THE LAY FIGURE. WOMEN AS intelligence the lives o the Italian poetesses, girl
ARTISTS. graduates, learned ladies, and women - artists.
Every town of importance kept written record
"Quite true," said the Lay Figure. of its own great women, and the honours bestowed
" It is a subject about which a fine book might be on those who were good painters attracted the
written." attention of foreign princes. Thus Sofonisba
"What subject is that?" asked the Art His- Anguisciola, a sort of female Titian, became por-
torian, entering the studio. trait-painter to Philip II. of Spain. One could
"Woman's mission as an artist," the Lay Figure give a good many other examples, but my point
replied. is simply this—that the great respect shown to
"The word 'mission' reminds me of Exeter women of talent must not be forgotten by anyone
Hall," said the Art Historian, " but I suppose you who wishes to understand Italian life and character
mean that it is worth while to ask ourselves if during the Renaissance."
there are not some provinces of art in which "And your point is a good one," said the Man
women ought to be more successful than men ? " with a Clay Pipe. "But, remember, it appeals
" I mean that and something more," answered to one's love of historic truth rather than to
the Lay Figure. "To arrive at a clear and just the aesthetic sense, and thus I want to know
opinion as to the position which women should if your early women - artists were noteworthy
occupy in the arts, it would be necessary to pass as such."
in review all the best art work produced by them " I think they were," said the Lay Figure. " The
since the dawn of the Renaissance; and if this influence that the aesthetic genius of those periods
were done honestly by a sympathetic and com- had upon women lasted from the days of Caterina
petent critic, I am inclined to think that the result Vigri, who died in 1463, to those of Elisabetta
would be a pleasant surprise to most people." Sirani, who died in 1665 ; and you will find that
" Ernst Guhl, a German, tried to do what you the progress made in art by the fair was continuous
suggest," said the Art Historian; "and his little between those dates. It never produced trans-
volume, Die Frauen in die Kunstgeschichte, was of cendently wonderful results, but it was as uniform
great service to Mrs. Ellet, an American lady, —on a lower plane, of course—as the art progress
whose book on Women Artists in all Ages and that men made between Cimabue's time and
Countries ran into a second edition in i860." Raphael's. Is not that a memorable fact?"
" Mrs. Ellet did her best," the Lay Figure said, "I can't say no," said the Art Historian,
"but we want something more serious than her "When critics sneer because the female sex has
criticisms at second-hand, and I am sure that a not given us rivals of the greatest Old Masters,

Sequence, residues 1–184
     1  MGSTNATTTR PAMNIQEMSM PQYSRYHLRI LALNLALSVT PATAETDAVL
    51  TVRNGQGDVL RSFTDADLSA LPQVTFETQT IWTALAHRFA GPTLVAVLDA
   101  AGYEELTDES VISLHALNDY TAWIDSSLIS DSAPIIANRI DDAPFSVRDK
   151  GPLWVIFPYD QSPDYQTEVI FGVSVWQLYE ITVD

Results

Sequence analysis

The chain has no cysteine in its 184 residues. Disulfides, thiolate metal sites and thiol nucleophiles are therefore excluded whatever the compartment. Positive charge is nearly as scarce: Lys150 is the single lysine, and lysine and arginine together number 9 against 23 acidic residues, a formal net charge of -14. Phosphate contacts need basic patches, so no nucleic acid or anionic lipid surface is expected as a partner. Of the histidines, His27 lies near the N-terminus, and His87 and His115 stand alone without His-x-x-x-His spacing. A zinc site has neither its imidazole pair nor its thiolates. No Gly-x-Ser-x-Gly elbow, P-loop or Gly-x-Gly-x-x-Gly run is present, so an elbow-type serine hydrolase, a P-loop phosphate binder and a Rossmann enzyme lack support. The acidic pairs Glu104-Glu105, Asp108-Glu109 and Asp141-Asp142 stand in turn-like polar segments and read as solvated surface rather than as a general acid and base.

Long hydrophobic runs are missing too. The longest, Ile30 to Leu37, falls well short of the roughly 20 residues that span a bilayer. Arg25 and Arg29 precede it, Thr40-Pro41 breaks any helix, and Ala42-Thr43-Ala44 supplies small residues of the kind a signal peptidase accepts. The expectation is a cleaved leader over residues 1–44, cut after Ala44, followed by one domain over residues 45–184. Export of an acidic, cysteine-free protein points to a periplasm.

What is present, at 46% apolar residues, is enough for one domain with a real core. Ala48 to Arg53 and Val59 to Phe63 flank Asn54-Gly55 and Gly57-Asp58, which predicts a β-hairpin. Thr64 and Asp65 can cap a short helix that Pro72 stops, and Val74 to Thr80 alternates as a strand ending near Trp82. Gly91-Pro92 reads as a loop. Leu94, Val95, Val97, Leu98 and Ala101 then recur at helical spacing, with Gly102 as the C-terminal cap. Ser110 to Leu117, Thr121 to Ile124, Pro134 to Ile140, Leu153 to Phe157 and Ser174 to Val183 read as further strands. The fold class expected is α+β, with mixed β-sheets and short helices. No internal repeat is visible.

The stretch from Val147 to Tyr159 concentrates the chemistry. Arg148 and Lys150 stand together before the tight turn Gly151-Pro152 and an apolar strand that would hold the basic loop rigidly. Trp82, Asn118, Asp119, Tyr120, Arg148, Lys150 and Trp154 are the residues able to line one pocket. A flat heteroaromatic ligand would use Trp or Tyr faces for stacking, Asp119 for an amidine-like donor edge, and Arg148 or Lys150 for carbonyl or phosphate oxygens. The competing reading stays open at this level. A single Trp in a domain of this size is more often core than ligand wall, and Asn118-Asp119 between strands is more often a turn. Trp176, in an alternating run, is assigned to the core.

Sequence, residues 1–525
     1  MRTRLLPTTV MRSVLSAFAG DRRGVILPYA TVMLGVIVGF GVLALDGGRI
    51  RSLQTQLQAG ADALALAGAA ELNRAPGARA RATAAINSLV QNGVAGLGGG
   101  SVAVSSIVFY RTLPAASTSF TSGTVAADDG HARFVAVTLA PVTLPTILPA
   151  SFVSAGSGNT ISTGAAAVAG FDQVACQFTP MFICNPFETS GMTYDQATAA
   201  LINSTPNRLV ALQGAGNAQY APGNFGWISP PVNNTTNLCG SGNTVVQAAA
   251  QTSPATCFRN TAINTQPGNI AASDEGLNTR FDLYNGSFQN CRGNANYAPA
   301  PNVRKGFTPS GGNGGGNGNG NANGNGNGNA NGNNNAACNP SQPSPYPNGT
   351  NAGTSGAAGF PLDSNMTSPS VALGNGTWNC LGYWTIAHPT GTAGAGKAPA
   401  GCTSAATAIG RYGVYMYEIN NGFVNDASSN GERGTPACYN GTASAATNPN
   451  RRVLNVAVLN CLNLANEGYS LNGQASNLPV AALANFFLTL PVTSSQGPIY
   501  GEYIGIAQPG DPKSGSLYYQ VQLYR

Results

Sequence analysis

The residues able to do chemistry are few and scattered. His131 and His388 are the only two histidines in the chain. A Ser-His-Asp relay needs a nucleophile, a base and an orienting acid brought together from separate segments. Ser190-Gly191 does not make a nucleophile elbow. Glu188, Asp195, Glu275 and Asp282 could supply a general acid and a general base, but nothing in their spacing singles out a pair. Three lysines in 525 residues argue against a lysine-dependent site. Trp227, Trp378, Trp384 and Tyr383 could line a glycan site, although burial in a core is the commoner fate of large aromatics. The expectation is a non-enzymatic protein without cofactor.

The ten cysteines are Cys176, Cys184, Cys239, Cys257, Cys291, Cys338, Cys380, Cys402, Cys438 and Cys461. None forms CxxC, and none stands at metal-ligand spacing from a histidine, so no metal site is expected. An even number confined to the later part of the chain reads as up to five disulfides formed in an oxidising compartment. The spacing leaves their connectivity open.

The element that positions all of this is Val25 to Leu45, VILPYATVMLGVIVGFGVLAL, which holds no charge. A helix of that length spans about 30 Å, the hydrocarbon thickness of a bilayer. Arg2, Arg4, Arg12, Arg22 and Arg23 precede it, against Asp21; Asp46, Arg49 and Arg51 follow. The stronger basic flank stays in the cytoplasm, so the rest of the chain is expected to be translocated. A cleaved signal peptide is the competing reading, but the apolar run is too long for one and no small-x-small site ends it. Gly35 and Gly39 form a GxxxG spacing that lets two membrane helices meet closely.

thorough history of woman's work in the arts neither we nor they gain anything. As well might
would be popular and useful. It would need they sneer because their own sex does not produce
plenty of illustrations, of course." to-day such a sculptor as Phidias, or such a
"So you wish to see one more volume added to painter as Raphael."
the plague of books," remarked the Man with a " Good !" cried the poet. " There are many
Clay Pipe. "You may be right, but I should like species of flowers in the cultivated garden of art,
to feel quite certain that you are so. Will you then and the wise man is he who loves them all."
tell me why a complete history of women-artists "Quite apart from that," said the Lay Figure,
seems necessary to you ? " " it is always foolish to imply that the art of women
"There are several reasons," the Lay Figure should resemble the art of men. Each should be
answered. " To begin with, you cannot possibly instinct with the charm of sex, each should be the
understand the Renaissance in Italy unless you complement of the other. But in our own time,
are well acquainted with the fine admiration that somehow, most of the women-artists have tried
the Italians then had for women of ability. This their best to be masculine, while not a few of the
admiration was a new kind of chivalry, and those men have turned out effeminate work. It may be
who have not read about it usually believe that the useless to protest, but this kind of work is sterile,
Italian Renaissance was chiefly remarkable for it has no future; the world soon wearies of it, and
its contrasts of hideous vice and transcendent turns with joy to those men who put manhood
genius. Most accounts of that period, or series of into all their pictures or statues, and to those
periods, convey this impression, the crass stupidity women whose art is charmed with their own
of which will be plain to anyone who has read with natures." The Lay Figure.